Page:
Sunday, June 30, 2013

Russia and China Building their Gold Reserves

Western economic commentary on China and Russia is usually coloured by monetarist assumptions not necessarily shared in Moscow and Beijing. For this reason, Russian and Chinese fiscal and monetary policies are misunderstood in financial markets, as well as the reasons their governments buy gold.

China has been notably relaxed about her own people acquiring gold, and the government itself appears to be absorbing all of China’s mine output. Russia is also building her official reserves from her own mine supply. The result over time has been the transfer of aboveground gold stocks towards these countries and their allies. The geo-political implications are highly important, but have been ignored by western governments.

China and Russia see themselves as having much in common: they are coordinating security, infrastructure projects and cross-border trade through the Shanghai Cooperation Organisation. Furthermore, those at the top have personal experience of the catastrophic failings of socialism, which have not yet been experienced in Western Europe and North America. Consequently neither government subscribes to the economic and monetary concepts prevalent in the West without serious reservations.

Monday, June 10, 2013

Deutsche Bank to Open 200-tonne Gold Storage Facility in Singapore

SINGAPORE (Reuters) - Deutsche Bank is opening a gold storage vault in Singapore that can hold up to 200 tonnes of the metal as it looks to capture surging demand for bullion in Asia.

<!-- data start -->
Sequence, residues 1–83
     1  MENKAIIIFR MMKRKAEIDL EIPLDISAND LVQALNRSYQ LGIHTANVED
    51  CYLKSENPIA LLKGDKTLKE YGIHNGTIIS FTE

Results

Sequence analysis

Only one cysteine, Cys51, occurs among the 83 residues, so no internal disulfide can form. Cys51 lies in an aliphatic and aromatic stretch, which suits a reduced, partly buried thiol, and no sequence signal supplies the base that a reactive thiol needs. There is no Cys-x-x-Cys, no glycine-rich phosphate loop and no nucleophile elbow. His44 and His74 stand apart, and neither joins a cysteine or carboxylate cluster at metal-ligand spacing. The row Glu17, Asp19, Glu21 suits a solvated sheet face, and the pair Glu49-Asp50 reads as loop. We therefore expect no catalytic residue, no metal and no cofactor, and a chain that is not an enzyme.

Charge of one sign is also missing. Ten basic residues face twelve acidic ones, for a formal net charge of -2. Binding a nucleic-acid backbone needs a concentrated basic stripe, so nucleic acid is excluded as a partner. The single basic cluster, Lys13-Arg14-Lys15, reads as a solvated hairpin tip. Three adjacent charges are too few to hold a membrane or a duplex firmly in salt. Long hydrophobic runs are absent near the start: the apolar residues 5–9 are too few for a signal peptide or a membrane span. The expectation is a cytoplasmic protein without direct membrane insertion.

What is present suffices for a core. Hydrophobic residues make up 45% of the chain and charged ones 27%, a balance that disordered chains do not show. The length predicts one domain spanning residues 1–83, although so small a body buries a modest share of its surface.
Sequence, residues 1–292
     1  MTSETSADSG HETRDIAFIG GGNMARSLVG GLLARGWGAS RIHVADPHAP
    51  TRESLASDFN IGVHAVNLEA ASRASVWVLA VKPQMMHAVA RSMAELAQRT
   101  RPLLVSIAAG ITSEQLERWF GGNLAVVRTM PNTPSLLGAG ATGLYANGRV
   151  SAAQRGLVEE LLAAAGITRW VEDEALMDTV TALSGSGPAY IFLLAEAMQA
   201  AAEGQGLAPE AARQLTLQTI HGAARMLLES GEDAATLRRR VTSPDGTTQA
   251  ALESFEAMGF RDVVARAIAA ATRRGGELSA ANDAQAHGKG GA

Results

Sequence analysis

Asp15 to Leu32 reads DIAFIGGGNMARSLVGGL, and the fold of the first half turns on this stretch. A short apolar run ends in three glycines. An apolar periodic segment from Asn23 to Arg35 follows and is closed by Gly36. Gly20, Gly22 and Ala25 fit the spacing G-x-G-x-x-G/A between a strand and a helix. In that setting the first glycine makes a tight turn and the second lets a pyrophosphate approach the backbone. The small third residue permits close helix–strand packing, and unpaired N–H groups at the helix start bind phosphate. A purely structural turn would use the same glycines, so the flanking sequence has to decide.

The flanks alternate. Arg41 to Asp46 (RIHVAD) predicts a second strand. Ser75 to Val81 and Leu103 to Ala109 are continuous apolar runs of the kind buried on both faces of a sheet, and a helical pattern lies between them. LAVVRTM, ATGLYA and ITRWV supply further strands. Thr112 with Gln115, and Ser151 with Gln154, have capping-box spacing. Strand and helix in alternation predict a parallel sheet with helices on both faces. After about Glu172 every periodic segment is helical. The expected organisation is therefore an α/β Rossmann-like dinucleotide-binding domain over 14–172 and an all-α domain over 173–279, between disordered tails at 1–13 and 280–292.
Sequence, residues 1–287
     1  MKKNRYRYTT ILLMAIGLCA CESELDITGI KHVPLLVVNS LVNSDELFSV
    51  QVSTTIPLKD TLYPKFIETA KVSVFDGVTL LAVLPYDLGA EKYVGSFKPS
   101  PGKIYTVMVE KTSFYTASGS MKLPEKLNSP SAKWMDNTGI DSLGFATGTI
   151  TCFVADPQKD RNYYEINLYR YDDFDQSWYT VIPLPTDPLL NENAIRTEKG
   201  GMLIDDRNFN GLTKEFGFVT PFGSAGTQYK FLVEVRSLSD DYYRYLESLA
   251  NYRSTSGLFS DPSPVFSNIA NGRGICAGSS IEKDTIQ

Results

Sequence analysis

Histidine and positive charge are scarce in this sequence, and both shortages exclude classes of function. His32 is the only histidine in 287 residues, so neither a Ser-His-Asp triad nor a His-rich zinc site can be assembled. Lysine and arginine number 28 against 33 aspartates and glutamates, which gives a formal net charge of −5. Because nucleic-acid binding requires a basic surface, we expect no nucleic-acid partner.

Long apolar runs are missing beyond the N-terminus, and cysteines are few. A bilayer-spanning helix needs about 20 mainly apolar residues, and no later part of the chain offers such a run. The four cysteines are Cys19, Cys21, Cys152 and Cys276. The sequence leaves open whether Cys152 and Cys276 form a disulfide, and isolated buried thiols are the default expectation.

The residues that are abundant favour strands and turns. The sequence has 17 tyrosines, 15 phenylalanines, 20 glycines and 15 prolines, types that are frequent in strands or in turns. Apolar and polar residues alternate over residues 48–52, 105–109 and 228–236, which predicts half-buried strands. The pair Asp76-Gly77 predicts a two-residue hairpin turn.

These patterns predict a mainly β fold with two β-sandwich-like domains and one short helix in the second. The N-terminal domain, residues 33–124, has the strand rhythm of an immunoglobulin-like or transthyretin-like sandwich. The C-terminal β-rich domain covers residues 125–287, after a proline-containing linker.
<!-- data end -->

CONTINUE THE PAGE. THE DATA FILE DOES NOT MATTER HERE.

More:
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"This offering will encourage a significant development in a Singapore-based precious metals market," Ronan Donohoe, Deutsche Bank's global head of metals and dry bulk trading, said in a statement.

Deutsche Bank already has precious metals trading, financing and physical distribution operations in Singapore. The bank said the new vault would be one of the largest physical holdings of gold in the city state.

Tuesday, June 4, 2013

China Want the Yuan to Emerge as a Gold-Backed Currency in the World

Philippa Malmgren is an insider's insider. She was Special Assistant to the President for Economic Policy on the National Economic Council recently commented:

"The most interesting piece of the puzzle is that the Chinese have emerged as the biggest buyer of gold, mainly in large off market. They want the Yuan to emerge as a hard, gold-backed currency in a world where everyone else has chosen to inflate and devalue. The recent bilateral currency deals with Australia, France Russia and Singapore, and many others, reflect this desire to displace the USD as the world's reserve currency. It may be an interesting and long race between the Chinese reaching for convertibility and the Western central banks straining credibility."


So what is her advice to investors:

"Gold bulls have a rare chance to double up now. Gold bears will have a hard time doubling down from a record profit. Meanwhile, apparently the Indians and everybody else in the emerging markets recognizes a good deal when they see it. As inflation pain continues to make headlines from high tomato prices in Brazil to the same for onions in India, no emerging market investors have any illusions. Inflation for them is here for the duration. A gold backed Yuan is increasingly sounding like a sensible idea."